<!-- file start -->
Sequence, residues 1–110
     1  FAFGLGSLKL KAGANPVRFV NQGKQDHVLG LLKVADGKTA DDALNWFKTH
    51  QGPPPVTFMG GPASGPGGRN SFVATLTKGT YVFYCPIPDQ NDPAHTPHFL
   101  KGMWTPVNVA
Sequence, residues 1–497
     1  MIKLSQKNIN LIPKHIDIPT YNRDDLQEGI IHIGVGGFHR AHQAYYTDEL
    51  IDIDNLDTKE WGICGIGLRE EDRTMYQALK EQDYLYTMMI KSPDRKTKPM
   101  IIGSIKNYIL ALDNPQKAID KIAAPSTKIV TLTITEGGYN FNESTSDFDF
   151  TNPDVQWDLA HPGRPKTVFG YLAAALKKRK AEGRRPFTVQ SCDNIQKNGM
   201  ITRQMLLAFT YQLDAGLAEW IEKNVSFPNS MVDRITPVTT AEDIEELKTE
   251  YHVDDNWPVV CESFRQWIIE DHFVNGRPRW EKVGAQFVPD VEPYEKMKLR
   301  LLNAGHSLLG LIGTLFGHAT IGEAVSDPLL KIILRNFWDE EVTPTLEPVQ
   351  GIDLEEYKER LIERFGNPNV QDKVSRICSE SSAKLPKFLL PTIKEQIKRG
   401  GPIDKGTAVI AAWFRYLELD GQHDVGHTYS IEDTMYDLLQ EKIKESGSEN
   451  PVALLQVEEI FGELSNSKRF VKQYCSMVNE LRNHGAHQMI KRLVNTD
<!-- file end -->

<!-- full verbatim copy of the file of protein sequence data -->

Sequence, residues 1–110
     1  FAFGLGSLKL KAGANPVRFV NQGKQDHVLG LLKVADGKTA DDALNWFKTH
    51  QGPPPVTFMG GPASGPGGRN SFVATLTKGT YVFYCPIPDQ NDPAHTPHFL
   101  KGMWTPVNVA
Sequence, residues 1–497
     1  MIKLSQKNIN LIPKHIDIPT YNRDDLQEGI IHIGVGGFHR AHQAYYTDEL
    51  IDIDNLDTKE WGICGIGLRE EDRTMYQALK EQDYLYTMMI KSPDRKTKPM
   101  IIGSIKNYIL ALDNPQKAID KIAAPSTKIV TLTITEGGYN FNESTSDFDF
   151  TNPDVQWDLA HPGRPKTVFG YLAAALKKRK AEGRRPFTVQ SCDNIQKNGM
   201  ITRQMLLAFT YQLDAGLAEW IEKNVSFPNS MVDRITPVTT AEDIEELKTE
   251  YHVDDNWPVV CESFRQWIIE DHFVNGRPRW EKVGAQFVPD VEPYEKMKLR
   301  LLNAGHSLLG LIGTLFGHAT IGEAVSDPLL KIILRNFWDE EVTPTLEPVQ
   351  GIDLEEYKER LIERFGNPNV QDKVSRICSE SSAKLPKFLL PTIKEQIKRG
   401  GPIDKGTAVI AAWFRYLELD GQHDVGHTYS IEDTMYDLLQ EKIKESGSEN
   451  PVALLQVEEI FGELSNSKRF VKQYCSMVNE LRNHGAHQMI KRLVNTD